The gastric bypass procedure consists of:
Creation of a small, (15–30 mL/1–2 tbsp) thumb-sized pouch from the upper stomach, accompanied by bypass of the remaining stomach (about 400 mL and variable). This restricts the volume of food which can be eaten. The stomach may simply be partitioned (like a wall between two rooms in a house or two office cubicles next to each other with a partition wall in between them – and typically by the use of surgical staples), or it may be totally divided into two separate/separated parts (also with staples). Total division (separate/separated parts) is usually advocated to reduce the possibility that the two parts of the stomach will heal back together (“fistulize”) and negate the operation.
Re-construction of the GI tract to enable drainage of both segments of the stomach. The particular technique used for this reconstruction produces several variants of the operation, differing in the lengths of small intestine used, the degree to which food absorption is affected, and the likelihood of adverse nutritional effects. Usually, a segment of the small bowel (called the alimentary limb) is brought up to the proximal remains of the stomach.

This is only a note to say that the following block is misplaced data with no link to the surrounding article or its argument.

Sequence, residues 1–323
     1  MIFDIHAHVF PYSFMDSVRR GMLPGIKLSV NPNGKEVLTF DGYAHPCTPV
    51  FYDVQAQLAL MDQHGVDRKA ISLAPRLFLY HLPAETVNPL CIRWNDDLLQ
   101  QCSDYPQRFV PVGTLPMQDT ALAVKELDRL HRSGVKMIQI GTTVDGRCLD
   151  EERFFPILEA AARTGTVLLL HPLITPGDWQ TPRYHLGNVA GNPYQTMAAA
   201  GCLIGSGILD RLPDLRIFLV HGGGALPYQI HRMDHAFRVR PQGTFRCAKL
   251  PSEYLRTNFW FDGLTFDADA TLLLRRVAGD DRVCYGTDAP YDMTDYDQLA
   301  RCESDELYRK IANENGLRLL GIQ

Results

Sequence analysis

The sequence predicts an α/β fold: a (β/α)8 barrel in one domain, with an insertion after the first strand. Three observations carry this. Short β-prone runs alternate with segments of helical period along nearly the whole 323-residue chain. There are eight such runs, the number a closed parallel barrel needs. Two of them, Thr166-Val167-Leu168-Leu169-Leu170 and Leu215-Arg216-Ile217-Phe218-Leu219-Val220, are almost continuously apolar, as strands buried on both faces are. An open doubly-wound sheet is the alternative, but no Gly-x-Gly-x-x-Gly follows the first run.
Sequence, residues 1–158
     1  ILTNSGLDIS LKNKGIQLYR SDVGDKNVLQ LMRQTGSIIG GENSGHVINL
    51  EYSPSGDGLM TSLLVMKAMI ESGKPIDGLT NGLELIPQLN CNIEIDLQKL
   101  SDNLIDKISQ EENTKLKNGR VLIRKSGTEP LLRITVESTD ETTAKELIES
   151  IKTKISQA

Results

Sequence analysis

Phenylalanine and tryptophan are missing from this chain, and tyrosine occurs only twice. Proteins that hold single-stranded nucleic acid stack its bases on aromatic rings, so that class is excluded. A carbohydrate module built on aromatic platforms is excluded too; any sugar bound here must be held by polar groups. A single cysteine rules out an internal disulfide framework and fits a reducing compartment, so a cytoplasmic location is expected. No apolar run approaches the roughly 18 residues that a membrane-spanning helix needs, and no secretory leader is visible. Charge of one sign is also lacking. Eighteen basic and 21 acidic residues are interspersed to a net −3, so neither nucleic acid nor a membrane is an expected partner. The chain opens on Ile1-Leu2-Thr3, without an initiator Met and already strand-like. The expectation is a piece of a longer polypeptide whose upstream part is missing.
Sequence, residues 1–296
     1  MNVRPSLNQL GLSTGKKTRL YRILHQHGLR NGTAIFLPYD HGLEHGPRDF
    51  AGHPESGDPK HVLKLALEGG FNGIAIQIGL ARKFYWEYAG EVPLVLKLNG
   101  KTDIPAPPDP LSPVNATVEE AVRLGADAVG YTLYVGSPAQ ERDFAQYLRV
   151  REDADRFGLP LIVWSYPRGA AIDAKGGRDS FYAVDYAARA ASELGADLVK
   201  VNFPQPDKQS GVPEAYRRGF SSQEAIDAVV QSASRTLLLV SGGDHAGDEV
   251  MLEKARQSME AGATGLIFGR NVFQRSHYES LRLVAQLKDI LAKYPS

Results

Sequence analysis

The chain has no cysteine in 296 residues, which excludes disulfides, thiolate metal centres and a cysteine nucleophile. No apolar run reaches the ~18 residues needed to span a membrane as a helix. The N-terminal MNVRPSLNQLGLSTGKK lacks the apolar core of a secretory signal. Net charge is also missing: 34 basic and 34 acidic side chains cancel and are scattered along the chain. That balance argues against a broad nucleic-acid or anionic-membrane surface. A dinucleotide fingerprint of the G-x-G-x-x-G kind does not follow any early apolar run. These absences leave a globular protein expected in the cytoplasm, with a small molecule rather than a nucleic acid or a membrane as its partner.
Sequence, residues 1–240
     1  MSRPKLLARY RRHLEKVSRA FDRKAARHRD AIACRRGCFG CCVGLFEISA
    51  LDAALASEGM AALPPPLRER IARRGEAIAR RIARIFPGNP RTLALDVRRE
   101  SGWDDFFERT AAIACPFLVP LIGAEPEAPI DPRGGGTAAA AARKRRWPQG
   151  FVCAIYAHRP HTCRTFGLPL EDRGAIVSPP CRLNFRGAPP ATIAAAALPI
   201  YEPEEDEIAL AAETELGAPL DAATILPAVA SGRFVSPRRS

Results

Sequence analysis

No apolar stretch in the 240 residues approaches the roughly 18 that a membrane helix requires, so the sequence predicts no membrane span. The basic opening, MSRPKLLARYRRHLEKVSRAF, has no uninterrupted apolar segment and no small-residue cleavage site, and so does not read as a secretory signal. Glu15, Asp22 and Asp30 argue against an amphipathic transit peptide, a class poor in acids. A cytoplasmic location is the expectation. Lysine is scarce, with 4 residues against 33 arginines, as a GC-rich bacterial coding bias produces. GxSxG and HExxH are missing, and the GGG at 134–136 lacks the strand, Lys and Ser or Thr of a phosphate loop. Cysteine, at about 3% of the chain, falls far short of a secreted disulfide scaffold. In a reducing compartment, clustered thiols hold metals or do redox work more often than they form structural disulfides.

A mini gastric bypass creates a long narrow tube of the stomach along its right border (the lesser curvature). A loop of the small gut is brought up and hooked to this tube at about 180 cm from the start of the intestine
The MGB has been suggested as an alternative to the Roux en-Y procedure due to the simplicity of its construction, and is becoming more and more popular because of low risk of complications and good sustained weight loss.
Any major surgery involves the potential for complications—adverse events which increase risk, hospital stay, and mortality. Some complications are common to all abdominal operations, while some are specific to bariatric surgery.
Results and health benefits of gastric bypass
Weight loss of 65–80% of excess body weight is typical of most large series of gastric bypass operations reported. The medically more significant effects include a dramatic reduction in comorbid conditions: